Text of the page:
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  • There are good reasons you see so many people with Latin tattoos.

  • For a start, Latin is a highly economical language -

  • you can say a lot in just a handful of words.

  • Another reason is that Latin literature

  • is full of timeless truisms.

  • Observations made over 2,000 years ago

  • are often as applicable to us now as they were to the Romans.

  • Here are five quotes from Latin authors

  • I feel are just as relevant to us today.

  • Number one:

  • Non videmus manticae quod in tergo est.

  • We cannot see the baggage that's on our own back.

  • In the mid-1st Century BC,

  • the Latin love poet, Catullus, observed a common human trait.

  • While we find it easy to recognise faults in other people,

  • we tend to be more or less blind to our own.

  • "Each of us has been assigned his own fault," he wrote,

  • "but we cannot see the baggage that's on our own back."

  • Catullus' message then, from over 2,000 years ago,

  • is to think about your own faults before criticising others.

  • Two:

  • Omnia vincit amor.

  • Love conquers all.

  • Love, in Virgil's line, isn't just a human emotion,

  • it's a divine force.

  • Love, amor, is Cupid,

  • the son of Venus, the goddess of love.

  • He will strike you with his arrow and make you fall hopelessly in love.

  • The love-sick poet who sighed, "Omnia vincit amor"

  • knew that to be in love isn't necessarily to be happy.

  • To be in love is also to be in pain.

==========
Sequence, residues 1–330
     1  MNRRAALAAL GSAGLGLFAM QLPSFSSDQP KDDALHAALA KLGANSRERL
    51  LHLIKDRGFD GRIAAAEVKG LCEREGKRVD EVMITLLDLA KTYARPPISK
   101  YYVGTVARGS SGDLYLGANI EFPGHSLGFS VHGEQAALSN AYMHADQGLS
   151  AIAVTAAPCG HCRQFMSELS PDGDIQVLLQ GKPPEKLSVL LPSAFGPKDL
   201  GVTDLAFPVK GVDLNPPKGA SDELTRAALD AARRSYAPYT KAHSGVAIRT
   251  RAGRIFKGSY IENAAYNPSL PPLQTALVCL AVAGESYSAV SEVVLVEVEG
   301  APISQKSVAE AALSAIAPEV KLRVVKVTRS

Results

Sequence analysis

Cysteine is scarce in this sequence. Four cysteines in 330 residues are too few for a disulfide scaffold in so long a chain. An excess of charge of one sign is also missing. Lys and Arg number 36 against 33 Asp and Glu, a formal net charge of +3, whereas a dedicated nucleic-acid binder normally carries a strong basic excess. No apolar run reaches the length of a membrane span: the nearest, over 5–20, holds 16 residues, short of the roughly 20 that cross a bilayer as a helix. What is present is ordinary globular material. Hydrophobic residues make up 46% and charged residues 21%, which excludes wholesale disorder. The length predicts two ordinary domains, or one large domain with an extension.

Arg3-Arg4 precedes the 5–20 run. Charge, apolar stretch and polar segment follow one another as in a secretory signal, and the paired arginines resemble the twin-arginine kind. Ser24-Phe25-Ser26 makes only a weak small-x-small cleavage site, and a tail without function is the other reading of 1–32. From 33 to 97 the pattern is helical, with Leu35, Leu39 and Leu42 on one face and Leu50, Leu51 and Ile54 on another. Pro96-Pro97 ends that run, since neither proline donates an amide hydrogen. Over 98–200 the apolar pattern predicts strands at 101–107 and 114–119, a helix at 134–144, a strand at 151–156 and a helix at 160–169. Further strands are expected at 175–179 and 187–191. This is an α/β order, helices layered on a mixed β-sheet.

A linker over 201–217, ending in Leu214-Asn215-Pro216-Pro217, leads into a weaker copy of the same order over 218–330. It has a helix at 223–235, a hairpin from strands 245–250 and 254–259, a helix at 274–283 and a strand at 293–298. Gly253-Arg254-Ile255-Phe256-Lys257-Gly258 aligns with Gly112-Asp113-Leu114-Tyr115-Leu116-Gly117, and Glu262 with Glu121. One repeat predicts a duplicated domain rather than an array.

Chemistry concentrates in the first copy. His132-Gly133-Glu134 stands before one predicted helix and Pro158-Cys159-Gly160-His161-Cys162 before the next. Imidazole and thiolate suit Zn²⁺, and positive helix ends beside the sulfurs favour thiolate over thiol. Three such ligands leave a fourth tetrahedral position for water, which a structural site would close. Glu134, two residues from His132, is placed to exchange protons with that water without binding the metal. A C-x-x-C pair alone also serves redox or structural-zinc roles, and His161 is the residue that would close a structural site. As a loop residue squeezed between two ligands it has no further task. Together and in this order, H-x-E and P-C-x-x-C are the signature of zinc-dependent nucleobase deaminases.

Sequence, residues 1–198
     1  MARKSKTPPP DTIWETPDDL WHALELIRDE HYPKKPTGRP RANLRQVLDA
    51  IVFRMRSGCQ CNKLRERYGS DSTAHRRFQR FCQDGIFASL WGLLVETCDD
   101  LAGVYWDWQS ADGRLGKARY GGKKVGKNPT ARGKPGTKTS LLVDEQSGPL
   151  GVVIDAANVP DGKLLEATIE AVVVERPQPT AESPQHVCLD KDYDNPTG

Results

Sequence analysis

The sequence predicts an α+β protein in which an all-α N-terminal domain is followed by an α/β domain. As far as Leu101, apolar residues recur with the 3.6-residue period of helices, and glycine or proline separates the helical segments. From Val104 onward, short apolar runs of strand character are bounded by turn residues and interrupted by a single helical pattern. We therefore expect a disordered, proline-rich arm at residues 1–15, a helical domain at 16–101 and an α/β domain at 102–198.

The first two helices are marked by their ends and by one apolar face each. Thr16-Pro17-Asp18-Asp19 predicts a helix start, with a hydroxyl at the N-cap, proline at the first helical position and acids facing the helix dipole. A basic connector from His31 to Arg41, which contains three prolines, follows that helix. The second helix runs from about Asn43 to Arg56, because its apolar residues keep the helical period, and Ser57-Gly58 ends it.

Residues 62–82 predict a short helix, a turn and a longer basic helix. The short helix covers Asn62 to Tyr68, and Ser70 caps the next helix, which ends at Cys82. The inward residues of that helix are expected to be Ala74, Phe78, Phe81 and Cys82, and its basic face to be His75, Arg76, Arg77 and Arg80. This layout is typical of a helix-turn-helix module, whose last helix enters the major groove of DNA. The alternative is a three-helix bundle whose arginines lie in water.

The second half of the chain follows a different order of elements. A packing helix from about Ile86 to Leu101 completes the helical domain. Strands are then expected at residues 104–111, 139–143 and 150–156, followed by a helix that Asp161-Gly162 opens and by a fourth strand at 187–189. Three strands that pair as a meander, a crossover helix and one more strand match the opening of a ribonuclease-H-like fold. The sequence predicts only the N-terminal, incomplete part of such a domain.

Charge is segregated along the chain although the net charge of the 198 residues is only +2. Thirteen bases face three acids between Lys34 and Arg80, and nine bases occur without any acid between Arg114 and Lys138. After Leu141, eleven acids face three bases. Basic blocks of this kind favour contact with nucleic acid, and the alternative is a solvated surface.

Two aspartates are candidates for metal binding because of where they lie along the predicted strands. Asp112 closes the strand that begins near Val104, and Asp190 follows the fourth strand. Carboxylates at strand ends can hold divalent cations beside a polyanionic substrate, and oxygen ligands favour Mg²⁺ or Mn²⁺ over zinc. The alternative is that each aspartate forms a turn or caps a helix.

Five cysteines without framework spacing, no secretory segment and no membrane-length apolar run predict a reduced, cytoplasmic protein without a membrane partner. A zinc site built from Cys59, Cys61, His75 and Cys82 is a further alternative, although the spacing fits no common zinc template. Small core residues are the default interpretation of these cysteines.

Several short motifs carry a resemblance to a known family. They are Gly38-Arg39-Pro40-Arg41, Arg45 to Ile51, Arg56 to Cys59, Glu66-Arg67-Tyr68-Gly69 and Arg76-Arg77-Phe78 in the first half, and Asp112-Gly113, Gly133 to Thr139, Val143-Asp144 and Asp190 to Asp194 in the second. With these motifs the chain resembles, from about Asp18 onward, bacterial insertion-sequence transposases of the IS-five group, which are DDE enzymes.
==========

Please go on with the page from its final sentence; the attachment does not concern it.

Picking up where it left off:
• Virgil shows us there's no point in trying to fight it.

  • "Omnia vincit amor, et nos cedamus amori" he continues.

  • "You're better off yielding to love

  • than trying to shield yourself from his spell."

  • Three:

  • Si hortum in bibliotheca habes deerit nihil.

  • If you have a garden and a library, you'll lack nothing.

  • Cicero actually wrote,

  • "If you have a garden in the library, you'll lack nothing."

  • Houses in Rome typically had the garden in the middle of the house

  • rather than at the back.

  • In the ancient world there was a tradition for learning outside.

  • Students at Plato's academy in Greece, for instance,

  • used to learn among the trees.

  • Cicero's message is if you have books and nature you have everything.

  • Four:

  • In vino veritas.

  • In wine is truth.

  • Anyone who has drunk a few glasses can vouch for this.

  • Wine loosens the tongue.

  • It may make you talk a lot of nonsense but as the ancients knew,

  • it could also make you spill your secrets.

  • The historian Pliny the Elder alluded to a popular saying,

  • about wine bringing out the truth.

  • "Veritas vino est."

  • At the same time, he pitied the drunks who do not see the Sun rising

  • and therefore live shorter lives.

  • Five:

  • Donec eris sospes multos numerabis amicos.

  • For as long as you're doing well, you'll have many friends.

  • Ovid was one of the leading poets of his day

  • but fell foul of the emperor

  • and was banished to the coast of modern Romania.

  • While there he wrote about his miserable fate,

  • which he blamed on a poem and a mistake.

  • The poem was full of advice about how to love and make love

  • and was far too raunchy for his times.

  • What the mistake was remains a mystery to this day.

  • In exile, the once popular poet found himself friendless.

  • The message is surely to work out who your real friends are

  • before it's too late.

  • Thanks for watching. Don't forget to subscribe and click the bell to receive notificatons for new videos.

  • See you again soon!

There are good reasons you see so many people with Latin tattoos.

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B1 UK latin amor love poet virgil wine

5 Latin phrases that are still meaningful today | BBC Ideas

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    Seraya posted on 2020/04/05
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